November 7, 2020

CUUCLABroussard1.jpeg

 Jarek Broussard on one of his 31 carries against UCLA. (CU Athletics) 

 

No spring practice. Changing head coaches in February, from Mel Tucker to Karl Dorrell. No holdover starting quarterback and a mix at the position that led to giving the job to Sam Noyer, a graduate student who hasn't started at QB since high schoool ... five years ago. And the all-around trying circumstances that are fairly universal this bizarre year for college football (and everything else), but still testing for Dorrell's Buffaloes.  

 

Is it any surprise that Colorado finally opened its 2020 season Saturday night, there was a bit of mystery enveloping the program?

 

That included an uncertain answer to the issue of whether the Buffs would be able to be competitive in the Pac-12 South ... or struggle to win perhaps three games?

 

Well, the 48-42 win over UCLA in front of an intimate family night gathering of 554 at Folsom Field provided, to a surprising extent, reassurance.

 

With Noyer throwing for 257 yards and a touchdown and running for 64 yards, plus sophomore tailback Jarek Broussard piling up 187 yards and three TDs on 31 carries, the Buffs were startlingly efficient and explosive offensively. Noyer's mobility and elusiveness helped, but when you get 264 yards on the ground as a team and don't allow a sack, considerable credit must go to the offensive line ... even if saying that sounds like you should get a five-yard penalty for illegal use of cliches.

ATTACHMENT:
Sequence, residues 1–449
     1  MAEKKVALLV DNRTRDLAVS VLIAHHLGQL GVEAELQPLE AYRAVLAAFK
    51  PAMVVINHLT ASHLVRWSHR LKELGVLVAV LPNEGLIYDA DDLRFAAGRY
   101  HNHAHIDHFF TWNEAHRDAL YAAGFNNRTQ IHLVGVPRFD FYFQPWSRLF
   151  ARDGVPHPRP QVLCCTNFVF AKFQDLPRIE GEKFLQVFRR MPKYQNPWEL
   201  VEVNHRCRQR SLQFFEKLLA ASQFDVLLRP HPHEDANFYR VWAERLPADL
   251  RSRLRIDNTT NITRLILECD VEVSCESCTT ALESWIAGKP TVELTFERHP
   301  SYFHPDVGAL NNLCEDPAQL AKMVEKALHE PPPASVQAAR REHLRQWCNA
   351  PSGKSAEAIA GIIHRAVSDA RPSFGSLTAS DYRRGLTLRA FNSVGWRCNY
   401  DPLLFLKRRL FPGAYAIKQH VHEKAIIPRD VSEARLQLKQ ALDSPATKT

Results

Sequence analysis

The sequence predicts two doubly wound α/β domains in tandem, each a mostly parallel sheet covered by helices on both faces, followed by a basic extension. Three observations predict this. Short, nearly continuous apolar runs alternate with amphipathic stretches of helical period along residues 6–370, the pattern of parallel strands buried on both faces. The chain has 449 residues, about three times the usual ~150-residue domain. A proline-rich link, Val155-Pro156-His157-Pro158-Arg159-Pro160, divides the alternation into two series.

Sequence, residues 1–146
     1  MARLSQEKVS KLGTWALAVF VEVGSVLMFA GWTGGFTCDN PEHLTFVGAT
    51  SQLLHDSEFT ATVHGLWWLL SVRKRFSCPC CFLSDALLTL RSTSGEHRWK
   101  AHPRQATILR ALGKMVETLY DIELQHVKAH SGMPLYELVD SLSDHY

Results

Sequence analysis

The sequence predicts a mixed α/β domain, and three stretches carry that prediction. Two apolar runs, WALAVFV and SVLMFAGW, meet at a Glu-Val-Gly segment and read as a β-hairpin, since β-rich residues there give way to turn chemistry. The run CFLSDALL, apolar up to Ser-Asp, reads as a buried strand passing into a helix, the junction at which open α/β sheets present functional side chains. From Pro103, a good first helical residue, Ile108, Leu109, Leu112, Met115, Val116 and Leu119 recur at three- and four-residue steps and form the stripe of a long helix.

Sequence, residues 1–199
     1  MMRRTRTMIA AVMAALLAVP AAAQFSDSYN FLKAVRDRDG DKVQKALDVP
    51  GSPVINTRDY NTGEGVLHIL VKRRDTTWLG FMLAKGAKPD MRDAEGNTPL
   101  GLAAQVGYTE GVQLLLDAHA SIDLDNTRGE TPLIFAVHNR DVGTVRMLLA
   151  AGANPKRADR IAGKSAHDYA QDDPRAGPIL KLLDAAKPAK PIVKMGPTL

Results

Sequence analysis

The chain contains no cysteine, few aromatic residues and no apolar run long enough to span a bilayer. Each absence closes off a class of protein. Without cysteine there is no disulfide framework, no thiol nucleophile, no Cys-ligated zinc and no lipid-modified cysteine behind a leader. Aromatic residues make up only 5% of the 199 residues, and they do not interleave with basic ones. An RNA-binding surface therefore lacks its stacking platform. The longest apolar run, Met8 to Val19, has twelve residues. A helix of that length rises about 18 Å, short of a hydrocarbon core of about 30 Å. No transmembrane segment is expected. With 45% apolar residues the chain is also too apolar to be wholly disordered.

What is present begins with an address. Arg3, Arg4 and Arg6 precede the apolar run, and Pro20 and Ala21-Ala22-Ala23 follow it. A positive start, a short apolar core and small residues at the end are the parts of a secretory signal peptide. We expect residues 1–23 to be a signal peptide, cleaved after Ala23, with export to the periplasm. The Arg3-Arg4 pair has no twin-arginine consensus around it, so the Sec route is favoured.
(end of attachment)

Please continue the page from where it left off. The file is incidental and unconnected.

As much as the Buffs, and Noyer himself, tried to make this no big deal, it actually was quite astounding. Backing up Sefo Liufau and Steven Montez, sparingly playing safety a year ago, and then graduating and thinking he was done at CU before the hybrid holdover-and-new staff asked him to come back? That's not a path conducive to stardom -- unless it's a Disney movie. Even being a competent placeholder at the position for one season seemed an unrealistic expectation.

 

But all the evidence Saturday seemed to indicate that Noyer, given the chance, can pull it off.

 

 "It felt great," Noyer said. "Getting the first start under my belt for the win, it was a fun game for sure." 

 

After five years of not starting a game at quarterback, how long did it take to get comfortable?

 

"I'd tell you the first snap, to be honest," he said. "I know that's pretty cliche to say but I've learned under two pretty great quarterbacks, with Sefo and Steven, and then I learmed under some good players last year on the defensive side of the ball. So right as I got out there, obviously you're going to have a couple of jitters, but with a great O-line like we have, and the great weapons that we have, it really helps a quarterback and helps me feel a lot more comfortable out there."  

 

Do I need to point out that he also knows how to play the role of the quarterback?